Kelly Holleran Aug. 19, 2014, 9:13am
The children of a woman living in a Sugar Land nursing home claim they have been banned from the facility because of postings on social media.
Mackey Glen Peterson, Don Leslie Peterson and Lonny Peterson filed a lawsuit July 29 in the U.S. District Court for the Southern District of Texas Houston Division against Silverado Senior Living, doing business as Silverado Senior Living–Sugar Land, and Tana McMillon.
In their complaint, the Petersons allege their visitation rights to Silverado Senior Living had been revoked based on the “posting of exploitive and invasive materials which also violate the privacy rights of other Silverado residents.”
The plaintiffs would have been allowed to visit their mother if they agreed to immediately remove all pictures, videos, blogs, comments, articles or postings depicting their mother or other residents of the facility, according to the complaint.
However, the plaintiffs contend the nursing home’s decision to revoke their visitation rights was arbitrary and unreasonable. They say they have not published anything that could be considered invasive or exploitive.
The plaintiffs further allege the actions of Silverado revoking access and prohibiting association with their mother by themselves and their spouses was retaliatory and oppressive, based on the content of communication and publication relating to matters of general public concern, the complaint says.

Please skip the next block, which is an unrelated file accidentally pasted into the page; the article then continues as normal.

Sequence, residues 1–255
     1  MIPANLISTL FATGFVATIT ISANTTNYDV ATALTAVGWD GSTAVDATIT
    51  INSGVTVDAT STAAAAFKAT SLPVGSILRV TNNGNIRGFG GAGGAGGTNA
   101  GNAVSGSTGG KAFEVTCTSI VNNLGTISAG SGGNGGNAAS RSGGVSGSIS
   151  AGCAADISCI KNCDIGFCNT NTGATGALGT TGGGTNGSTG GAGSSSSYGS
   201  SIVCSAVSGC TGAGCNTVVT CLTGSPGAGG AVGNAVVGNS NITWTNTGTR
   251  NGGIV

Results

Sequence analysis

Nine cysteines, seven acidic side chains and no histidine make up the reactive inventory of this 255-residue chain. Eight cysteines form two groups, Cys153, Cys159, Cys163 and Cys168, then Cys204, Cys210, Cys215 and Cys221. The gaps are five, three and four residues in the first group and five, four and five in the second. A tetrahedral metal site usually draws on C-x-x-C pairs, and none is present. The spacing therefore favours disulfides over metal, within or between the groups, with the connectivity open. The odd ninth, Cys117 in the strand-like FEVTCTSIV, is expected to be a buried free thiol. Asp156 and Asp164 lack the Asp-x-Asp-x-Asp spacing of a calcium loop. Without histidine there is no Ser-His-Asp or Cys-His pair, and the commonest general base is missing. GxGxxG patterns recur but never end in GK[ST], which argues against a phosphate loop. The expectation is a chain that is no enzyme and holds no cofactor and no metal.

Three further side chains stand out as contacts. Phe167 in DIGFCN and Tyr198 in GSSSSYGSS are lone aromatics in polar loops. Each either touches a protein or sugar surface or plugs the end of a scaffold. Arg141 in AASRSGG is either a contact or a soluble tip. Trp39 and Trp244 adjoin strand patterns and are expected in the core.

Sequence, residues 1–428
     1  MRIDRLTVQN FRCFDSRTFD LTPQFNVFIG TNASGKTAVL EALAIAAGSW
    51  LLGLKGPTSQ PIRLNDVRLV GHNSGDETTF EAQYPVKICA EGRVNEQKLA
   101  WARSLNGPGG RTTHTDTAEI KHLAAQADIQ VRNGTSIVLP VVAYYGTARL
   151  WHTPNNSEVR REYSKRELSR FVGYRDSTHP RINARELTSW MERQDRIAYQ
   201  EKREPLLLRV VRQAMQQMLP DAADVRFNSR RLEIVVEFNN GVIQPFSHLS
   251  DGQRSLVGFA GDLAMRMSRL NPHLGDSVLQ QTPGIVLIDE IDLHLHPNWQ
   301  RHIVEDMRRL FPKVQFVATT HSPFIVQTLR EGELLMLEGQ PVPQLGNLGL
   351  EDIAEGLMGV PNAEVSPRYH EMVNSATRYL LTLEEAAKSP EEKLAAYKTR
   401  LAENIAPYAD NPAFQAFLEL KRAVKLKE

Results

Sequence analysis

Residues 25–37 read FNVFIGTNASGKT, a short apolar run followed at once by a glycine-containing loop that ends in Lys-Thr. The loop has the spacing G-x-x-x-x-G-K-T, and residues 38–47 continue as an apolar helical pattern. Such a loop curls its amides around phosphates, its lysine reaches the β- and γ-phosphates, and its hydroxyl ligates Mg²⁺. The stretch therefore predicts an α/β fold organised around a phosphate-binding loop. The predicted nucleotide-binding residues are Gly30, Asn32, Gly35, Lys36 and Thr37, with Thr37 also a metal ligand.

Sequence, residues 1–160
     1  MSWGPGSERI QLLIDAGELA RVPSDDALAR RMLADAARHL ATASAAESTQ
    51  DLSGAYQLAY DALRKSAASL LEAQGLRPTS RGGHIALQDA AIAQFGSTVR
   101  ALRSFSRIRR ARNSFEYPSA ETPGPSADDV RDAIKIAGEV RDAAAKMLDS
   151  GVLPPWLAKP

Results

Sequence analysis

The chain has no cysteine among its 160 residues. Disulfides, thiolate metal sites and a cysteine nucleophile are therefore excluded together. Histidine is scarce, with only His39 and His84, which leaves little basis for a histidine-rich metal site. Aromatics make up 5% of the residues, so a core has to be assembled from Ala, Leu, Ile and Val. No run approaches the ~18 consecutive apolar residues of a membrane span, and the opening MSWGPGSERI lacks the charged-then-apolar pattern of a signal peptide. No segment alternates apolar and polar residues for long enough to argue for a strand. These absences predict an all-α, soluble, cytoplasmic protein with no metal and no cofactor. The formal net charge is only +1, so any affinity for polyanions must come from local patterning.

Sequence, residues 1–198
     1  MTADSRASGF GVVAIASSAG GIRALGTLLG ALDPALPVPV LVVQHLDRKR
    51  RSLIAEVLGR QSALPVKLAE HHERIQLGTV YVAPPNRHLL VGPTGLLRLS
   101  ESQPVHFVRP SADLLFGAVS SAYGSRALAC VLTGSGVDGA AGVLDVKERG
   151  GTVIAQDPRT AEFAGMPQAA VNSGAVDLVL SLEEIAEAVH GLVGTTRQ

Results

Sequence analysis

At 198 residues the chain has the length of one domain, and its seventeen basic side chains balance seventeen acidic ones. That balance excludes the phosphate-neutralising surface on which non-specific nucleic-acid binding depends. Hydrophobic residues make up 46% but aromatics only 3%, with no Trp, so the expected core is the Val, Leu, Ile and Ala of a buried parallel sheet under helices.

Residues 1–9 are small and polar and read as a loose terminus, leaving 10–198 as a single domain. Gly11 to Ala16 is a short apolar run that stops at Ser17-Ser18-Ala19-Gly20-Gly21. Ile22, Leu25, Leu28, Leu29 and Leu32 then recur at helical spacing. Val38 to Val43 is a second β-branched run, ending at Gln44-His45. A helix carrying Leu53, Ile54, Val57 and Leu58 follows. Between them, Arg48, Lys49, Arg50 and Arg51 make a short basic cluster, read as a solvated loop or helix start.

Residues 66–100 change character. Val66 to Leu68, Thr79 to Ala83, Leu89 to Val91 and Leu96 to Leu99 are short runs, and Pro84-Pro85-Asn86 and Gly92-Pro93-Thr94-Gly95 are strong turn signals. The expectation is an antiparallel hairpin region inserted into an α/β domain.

Lonny Peterson claims he attempted to visit his mother July 27, but was told to leave the premises. That same day, Don Peterson and his spouse also attempted to see their mother at the home, but were stopped at the door and warned, saying they would be arrested if they did not immediately leave the premises, according to the complaint.
The plaintiffs say they currently have no way to see their mother – they are prohibited from visiting the nursing home and cannot remove their mother from the facility because it is locked.
Because of the nursing home’s actions, the plaintiffs suffered physical and mental harm, including mental, emotional and physical distress and anxiety, the suit states. They also suffered physical discomfort, loss of sleep, crying, pain and suffering, the complaint says.
The plaintiffs say the defendants retaliated against them and failed to provide access to reasonable and necessary visitation, violating their constitutional rights.
The plaintiffs seek nominal and actual damages of more than $100,000, but less than $500,000, plus exemplary or punitive damages, pre- and post-judgment interest, costs, attorneys’ fees and other relief the court deems just.
They are being represented by attorneys Candice Leonard Schwager of The Schwager Law Firm in Houston and Philip M. Ross of San Antonio.
U.S. District Court for the Southern District of Texas Houston Division case number 4:14-cv-02179
This is a report on a civil lawsuit filed at the U.S. District Court for the Southern District of Texas Houston Division. The details in this report come from an original complaint filed by a plaintiff. Please note that a complaint represents an accusation by a private individual, not the government. It is not an indication of guilt, and it represents only one side of the story.